What is it about some people that causes them to always try to get to the highest place around? All of my life I have climbed to the top of the highest vantage point (and growing up on the Gulf coast of Texas, that usually meant a tree).
For years and years my favorite trips were to the Texas Hill Country out west of Austin. Even then I was chasing my roots, though at the time I had no clue. Turns out a couple of Generations of my family lived and loved, raised kids (Lord did they raise kids) and buried the loved ones that passed on. And they did it in a part of Texas that actually has topography unlike the counties I spent my growing up years in.
This photo shows Enchanted Rock on the horizon. It is one of my favorite spots in the center of Texas. This is what we here on the Texas Gulf Coast call a mountain...see the house in front, it's only a mile or so from the base of the Rock.
Other than a car trip in the early ‘60’s to Ohio to visit my dad’s twin sister, I had never really enjoyed mountains. The only tall places I could visit around home were the man-made mountains in downtown Houston. I started visiting the observation deck at the top of the Humble Oil Building in the late ‘60’s and continued to make periodic trips up to see the sites until they closed it when it’s 50+ stories no longer topped the skyline of Houston.
It was on a business trip in early March of 2000 that I had a chance to run up into the Blue Ridge Mountains of North Carolina. The first day was a day that most of the people living in the area would recognize; totally fogged in…couldn’t see 50 yards down the road, much less the view from the overlooks. I cruised from Blowing Rock to Little Switzerland and didn’t see a thing. The next day the weather in Charlotte was clear and beautiful so I decided to try again. When I drove up the switchbacks above Lake James and then south down the Blue Ridge Parkway to where the road was closed, I was in awe. I stopped at overlook after overlook and stood in the sun with the icy wind in my face looking at the vistas until my eyes watered from the cold, but still I stared. The one thing that I will never forget was the thrill I got when I rounded the curve and drove out on the Linn Cove Viaduct for the first time. This has to be the most beautiful piece of engineering I have ever seen, and, to this day every time I cross those graceful curves I still feel a thrill.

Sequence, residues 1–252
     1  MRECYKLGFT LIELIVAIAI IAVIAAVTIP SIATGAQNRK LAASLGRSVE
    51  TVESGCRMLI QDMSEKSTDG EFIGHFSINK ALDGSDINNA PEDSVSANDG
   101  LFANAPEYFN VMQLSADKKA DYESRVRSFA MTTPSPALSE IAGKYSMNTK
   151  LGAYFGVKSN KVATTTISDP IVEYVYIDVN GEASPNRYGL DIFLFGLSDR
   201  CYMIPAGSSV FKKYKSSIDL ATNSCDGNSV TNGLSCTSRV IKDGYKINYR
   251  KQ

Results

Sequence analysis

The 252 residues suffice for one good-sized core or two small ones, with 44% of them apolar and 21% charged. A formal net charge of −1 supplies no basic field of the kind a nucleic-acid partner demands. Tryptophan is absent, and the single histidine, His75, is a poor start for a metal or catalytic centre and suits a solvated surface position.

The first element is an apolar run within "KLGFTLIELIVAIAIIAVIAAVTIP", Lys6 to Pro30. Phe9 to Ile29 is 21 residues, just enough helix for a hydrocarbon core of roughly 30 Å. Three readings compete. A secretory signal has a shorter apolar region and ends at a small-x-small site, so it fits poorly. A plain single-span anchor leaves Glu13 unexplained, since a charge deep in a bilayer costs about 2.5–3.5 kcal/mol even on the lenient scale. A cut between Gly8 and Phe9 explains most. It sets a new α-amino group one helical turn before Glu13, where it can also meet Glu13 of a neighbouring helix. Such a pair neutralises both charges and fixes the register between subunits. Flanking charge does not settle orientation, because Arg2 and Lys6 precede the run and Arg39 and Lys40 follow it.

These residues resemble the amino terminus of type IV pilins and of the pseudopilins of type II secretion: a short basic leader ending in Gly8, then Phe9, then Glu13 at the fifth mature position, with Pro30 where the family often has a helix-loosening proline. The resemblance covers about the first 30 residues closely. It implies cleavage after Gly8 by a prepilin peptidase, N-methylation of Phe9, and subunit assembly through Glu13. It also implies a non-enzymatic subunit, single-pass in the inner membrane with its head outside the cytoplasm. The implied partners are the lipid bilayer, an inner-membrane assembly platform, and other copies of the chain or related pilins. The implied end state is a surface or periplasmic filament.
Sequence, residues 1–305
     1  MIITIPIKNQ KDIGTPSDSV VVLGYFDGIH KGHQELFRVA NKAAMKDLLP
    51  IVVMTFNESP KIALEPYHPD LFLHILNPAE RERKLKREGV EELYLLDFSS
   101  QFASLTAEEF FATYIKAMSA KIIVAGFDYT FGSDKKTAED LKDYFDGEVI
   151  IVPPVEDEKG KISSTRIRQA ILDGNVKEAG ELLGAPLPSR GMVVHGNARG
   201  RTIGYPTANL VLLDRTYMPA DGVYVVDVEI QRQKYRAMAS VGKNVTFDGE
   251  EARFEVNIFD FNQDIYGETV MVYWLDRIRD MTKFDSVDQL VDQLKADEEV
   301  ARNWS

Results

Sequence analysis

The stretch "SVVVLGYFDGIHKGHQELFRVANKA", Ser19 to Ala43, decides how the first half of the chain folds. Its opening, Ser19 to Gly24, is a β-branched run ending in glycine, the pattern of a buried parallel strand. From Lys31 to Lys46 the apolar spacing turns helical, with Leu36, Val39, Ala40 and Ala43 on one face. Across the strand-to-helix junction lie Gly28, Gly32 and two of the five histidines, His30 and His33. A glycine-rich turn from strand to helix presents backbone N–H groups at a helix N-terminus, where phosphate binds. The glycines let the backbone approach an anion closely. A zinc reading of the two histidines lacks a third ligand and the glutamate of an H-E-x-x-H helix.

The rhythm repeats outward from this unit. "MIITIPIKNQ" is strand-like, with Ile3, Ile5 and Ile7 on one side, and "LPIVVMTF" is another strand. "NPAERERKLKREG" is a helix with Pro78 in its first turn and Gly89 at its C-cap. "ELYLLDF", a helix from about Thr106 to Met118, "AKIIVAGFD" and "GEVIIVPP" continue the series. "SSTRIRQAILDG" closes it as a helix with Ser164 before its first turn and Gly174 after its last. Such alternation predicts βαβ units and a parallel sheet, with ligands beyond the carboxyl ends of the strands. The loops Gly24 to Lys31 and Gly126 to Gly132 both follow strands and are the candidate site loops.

That trip was the beginning of my love affair with these mountains of North Carolina. I have visited other mountains since, but I am always drawn back to the Blue Ridges that sheltered my ancestors so many years ago, and hopefully, will shelter me and mine in the years ahead…
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